Bladensburg in Prince George's County, Maryland — The American Northeast (Mid-Atlantic)
The Battle of Bladensburg (1814)
The War of 1812
When the British forces led by Major-General Robert Ross entered Bladensburg by marching down Lowndes Hill, American riflemen fired. However, Ross's infantry continued undaunted toward the bridge over the Anacostia, which the ill-prepared Americans had not yet destroyed. American General Winder's men had since moved behind Stansbury's as brigades from Annapolis arrived from the east.
Seized by fear of exploding British Congreve rockets and uncertain of any rear-line support from Winder, the Americans rushed to the rear of the battle line. Here, Ross dealt a crushing blow by bringing up another regiment that forded the stream and confronted a Baltimore regiment. The rest of the American forces retreated to the rear, thus opening the turnpike leading to Washington for the British. The only resistance came
Commodore Barney and his seamen made a heroic stand in Bladensburg against overwhelming odds. Even after several thousand supporting militiamen had fled in the face of British bayonets and fire, Barney's men stood their ground. Armed with hand pikes and cutlasses, they launched a successful counterattack against the British infrantry with cries of "Board'em! Board'em!" Only when hopelessly surrounded did Barney, by then seriously wounded, order his officers to disarm their guns and retreat. At their commander's insistence, they reluctantnly left him lying next to one of his cannons to await capture. After being captured by the British, Barney was congratulated for his bravery and released.
With the American forces vanquished and in full retreat, the British marched into the nation's capital, Washington, D.C., and sacked and burned significant portions of the city, including the Capitol and the White House.
Text with lower-middle picture: A contemporary British illustration depicting the invasion and burning of Washington, D.C., in August of 1814. Courtesy of the Library of Congress, Prints and Photographs Division.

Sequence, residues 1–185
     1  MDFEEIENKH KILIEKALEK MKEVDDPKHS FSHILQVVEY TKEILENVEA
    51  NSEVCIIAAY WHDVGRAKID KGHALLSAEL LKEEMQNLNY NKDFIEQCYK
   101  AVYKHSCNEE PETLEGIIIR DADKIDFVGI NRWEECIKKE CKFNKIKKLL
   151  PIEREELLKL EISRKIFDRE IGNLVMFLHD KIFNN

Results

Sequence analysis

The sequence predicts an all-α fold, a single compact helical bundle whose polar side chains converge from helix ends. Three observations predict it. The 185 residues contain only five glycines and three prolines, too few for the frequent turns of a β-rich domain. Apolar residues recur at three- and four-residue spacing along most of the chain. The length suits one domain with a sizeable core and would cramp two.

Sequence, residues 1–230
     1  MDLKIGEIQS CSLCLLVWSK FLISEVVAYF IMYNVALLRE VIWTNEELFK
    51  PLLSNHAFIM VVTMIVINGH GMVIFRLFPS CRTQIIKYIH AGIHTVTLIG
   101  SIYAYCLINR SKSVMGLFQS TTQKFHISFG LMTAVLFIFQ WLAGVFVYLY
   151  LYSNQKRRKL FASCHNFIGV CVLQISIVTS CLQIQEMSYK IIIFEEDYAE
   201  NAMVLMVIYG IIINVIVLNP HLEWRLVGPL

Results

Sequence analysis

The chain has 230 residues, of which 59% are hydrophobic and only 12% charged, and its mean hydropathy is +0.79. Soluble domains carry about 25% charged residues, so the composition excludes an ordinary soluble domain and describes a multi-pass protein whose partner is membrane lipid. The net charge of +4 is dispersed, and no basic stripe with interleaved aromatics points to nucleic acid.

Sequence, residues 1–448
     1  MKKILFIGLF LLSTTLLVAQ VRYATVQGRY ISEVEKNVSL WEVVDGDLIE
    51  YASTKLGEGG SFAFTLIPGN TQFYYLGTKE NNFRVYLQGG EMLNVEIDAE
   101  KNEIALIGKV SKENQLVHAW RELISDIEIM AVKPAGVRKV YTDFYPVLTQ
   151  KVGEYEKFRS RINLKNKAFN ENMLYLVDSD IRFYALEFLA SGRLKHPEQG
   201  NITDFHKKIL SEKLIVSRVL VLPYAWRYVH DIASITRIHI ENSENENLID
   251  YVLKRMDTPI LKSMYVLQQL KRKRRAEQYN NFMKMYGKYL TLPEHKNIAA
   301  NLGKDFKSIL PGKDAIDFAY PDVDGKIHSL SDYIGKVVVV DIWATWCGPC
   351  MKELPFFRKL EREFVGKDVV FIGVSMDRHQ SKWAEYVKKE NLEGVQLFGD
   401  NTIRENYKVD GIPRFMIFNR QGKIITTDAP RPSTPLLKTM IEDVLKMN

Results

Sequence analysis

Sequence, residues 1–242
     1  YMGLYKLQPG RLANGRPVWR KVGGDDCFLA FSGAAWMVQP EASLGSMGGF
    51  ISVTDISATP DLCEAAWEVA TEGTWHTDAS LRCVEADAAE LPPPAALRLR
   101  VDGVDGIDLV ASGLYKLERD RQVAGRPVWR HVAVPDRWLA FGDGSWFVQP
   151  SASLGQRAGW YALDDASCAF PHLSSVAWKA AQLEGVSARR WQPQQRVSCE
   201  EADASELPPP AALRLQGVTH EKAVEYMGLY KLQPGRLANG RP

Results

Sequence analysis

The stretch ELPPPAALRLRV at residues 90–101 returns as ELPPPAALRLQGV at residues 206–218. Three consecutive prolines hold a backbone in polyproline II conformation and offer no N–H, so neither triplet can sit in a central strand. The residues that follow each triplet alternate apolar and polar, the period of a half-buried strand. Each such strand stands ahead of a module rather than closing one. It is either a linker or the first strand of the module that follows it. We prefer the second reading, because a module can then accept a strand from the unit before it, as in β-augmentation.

Text with upper-right photo: British Rear-Admiral Cockburn joined forces with Major-General Robert Ross for the Battle of Bladensburg. Courtesy of The
Marker series. This marker is included in the Battlefield Trails - War of 1812 marker series.
Location. 38° 56.15′ N, 76° 56.313′ W. Marker is in Bladensburg, Maryland, in Prince George's County. Marker can be reached from the intersection of Annapolis Road (Maryland Route 450) and 46th Street. Click for map. Marker is in Bladensburg Waterfront Park, .2 miles south of the entrance at this intersection. Marker is in this post office area: Bladensburg MD 20710, United States of America.
Other nearby markers. At least 8 other markers are within walking distance of this marker. Historic Bladensburg Waterfront Park - Port Town History (within shouting distance of this marker); Clearing the Way to Washington (within shouting distance of this marker); First Unmanned Balloon Ascension (1784) (within shouting distance of this marker); Dinosaur Alley (within shouting distance of this marker); Duels and the Bladensburg Dueling Grounds (within shouting distance of this marker); The Incidental Cause of the Star-Spangled Banner (1814) (within shouting distance of this marker); Encampment of Coxey's Army (1894) (about 300 feet away, measured in a direct line); Colonial Ropemaking (about 400 feet away). Click for a list of all markers in Bladensburg.
More about this marker.
Also see . . .
1. Bladensburg Waterfront Park. (Submitted on March 9, 2008, by F. Robby of Baltimore, Maryland.)
2. The Man Who Captured Washington - General Robert Ross. (Submitted on November 3, 2009, by Christopher T. George of Baltimore, Maryland.)
3. Commodore Barney's Chesapeake Bay Flotilla. (Submitted on November 3, 2009, by Christopher T. George of Baltimore, Maryland.)
Categories. • War of 1812 •
Credits. This page originally submitted on , by F. Robby of Baltimore, Maryland. This page has been viewed 6,737 times since then and 16 times this year. Photos: 1. submitted on , by F. Robby of Baltimore, Maryland. 2, 3. submitted on , by Craig Swain of Leesburg, Virginia. 4. submitted on , by F. Robby of Baltimore, Maryland. This page was last revised on June 16, 2016.